While many Spokane residents may be relieved the campaign season has come to an end, others may be asking what, if any, changes the state can expect to see. Of particular note was Referendum 74, which we all know passed in Washington state last week.
Of course, there is already a domestic partner registry in Washington state. With the referendum passed, domestic partnerships are expected to remain unchanged for those who are 62 and older. If younger couples who are in domestic partnerships take no action, on June 30, 2014, their domestic partnerships will automatically convert into marriage.
Should a couple in a domestic partnership wish to dissolve their partnership, they would be wise to do so before it converts to marriage.
A letter will be sent out by the secretary of state's office to explain the legal options available to those couples, both heterosexual and homosexual, who are registered in Washington state.
The domestic partnership registry, which legally recognizes relationships and seeks to offer non-married couples similar benefits to married couples, will now fade out as only senior citizens will be allowed to remain on the registry.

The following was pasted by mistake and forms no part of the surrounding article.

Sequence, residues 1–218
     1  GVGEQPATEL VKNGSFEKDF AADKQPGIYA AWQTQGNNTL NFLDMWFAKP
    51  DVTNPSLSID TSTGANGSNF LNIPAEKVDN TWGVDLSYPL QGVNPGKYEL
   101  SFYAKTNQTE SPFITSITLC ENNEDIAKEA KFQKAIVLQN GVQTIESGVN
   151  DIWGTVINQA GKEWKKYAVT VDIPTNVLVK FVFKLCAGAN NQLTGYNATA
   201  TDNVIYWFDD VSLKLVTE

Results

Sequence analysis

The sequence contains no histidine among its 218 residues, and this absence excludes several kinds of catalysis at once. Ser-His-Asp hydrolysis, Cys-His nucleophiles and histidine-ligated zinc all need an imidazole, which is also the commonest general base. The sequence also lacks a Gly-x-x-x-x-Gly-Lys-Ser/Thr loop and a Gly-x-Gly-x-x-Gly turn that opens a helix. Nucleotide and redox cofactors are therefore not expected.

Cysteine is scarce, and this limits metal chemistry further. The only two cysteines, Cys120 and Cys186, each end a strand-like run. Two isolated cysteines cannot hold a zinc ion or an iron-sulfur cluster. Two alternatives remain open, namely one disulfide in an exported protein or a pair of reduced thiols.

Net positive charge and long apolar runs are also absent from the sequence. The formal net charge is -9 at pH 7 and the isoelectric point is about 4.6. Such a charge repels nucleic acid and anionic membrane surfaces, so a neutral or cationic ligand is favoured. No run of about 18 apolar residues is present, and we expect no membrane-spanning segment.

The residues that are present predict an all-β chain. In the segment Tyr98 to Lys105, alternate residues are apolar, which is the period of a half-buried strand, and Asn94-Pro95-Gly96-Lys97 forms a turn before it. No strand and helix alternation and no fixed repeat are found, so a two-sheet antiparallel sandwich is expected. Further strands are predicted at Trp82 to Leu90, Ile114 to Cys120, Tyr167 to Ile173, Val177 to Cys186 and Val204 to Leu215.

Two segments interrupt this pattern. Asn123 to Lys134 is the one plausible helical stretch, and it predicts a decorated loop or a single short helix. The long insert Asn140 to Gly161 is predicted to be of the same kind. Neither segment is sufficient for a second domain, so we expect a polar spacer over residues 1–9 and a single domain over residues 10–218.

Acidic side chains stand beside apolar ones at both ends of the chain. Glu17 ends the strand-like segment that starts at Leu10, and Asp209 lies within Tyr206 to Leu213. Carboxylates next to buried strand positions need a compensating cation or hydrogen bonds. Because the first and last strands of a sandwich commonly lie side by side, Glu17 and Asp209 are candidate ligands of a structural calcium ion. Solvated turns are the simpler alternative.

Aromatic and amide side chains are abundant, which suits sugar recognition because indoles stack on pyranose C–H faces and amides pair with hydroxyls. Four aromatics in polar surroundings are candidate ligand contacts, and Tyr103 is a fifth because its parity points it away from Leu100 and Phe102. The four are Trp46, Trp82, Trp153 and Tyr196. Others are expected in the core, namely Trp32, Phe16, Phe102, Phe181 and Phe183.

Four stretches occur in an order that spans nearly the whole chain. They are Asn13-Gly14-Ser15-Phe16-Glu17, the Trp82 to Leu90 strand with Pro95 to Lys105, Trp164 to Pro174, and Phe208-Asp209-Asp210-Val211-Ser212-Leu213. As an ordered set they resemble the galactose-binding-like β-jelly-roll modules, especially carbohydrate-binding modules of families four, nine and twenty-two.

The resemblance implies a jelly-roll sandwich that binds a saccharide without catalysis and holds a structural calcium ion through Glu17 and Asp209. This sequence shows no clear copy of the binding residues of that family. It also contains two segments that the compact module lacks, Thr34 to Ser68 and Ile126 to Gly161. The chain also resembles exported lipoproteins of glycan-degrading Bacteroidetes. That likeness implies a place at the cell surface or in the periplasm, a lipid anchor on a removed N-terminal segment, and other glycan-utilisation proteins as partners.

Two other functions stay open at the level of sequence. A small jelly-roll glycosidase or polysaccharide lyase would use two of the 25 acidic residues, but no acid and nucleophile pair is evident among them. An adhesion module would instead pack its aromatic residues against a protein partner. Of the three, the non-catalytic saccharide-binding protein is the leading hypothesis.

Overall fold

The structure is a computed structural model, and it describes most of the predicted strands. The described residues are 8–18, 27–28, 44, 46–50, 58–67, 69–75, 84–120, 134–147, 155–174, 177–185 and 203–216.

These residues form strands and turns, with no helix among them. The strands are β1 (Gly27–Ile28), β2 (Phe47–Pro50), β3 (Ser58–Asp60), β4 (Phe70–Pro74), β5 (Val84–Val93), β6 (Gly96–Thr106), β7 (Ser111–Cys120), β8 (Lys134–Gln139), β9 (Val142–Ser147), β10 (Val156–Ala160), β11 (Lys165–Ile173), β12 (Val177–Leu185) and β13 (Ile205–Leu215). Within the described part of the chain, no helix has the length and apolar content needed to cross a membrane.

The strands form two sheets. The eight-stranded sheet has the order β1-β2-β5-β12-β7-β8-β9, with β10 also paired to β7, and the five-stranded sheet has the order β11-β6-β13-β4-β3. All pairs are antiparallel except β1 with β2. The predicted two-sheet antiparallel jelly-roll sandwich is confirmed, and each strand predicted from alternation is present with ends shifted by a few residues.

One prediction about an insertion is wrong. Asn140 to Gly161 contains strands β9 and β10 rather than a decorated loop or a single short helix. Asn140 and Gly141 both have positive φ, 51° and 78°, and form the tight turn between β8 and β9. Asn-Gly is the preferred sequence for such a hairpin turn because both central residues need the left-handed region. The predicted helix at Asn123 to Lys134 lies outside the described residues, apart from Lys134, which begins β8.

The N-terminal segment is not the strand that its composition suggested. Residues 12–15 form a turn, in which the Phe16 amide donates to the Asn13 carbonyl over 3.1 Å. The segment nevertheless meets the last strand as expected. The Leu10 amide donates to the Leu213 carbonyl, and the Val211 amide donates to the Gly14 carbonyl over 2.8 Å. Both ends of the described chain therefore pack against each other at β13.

Legally speaking, same-sex couples will now be able to obtain many of the same benefits and rights as a legally married opposite-sex couples here in Spokane. While this is a watershed moment for Washington state, some differences between same-sex and heterosexual marriages do still remain on the federal level. For now, only heterosexual marriage offers federal benefits, such as Social Security, Medicaid, veterans' benefits and more.
All of the effects of the passing of Referendum 74 have yet to be seen, but many speculate it could lead to some domestic partner dissolutions and certainly more applications for marriage licenses, including from those residing in surrounding states.
Source: The Columbian, "Same-sex marriage: What lies ahead?," Paris Achen, Nov. 7, 2012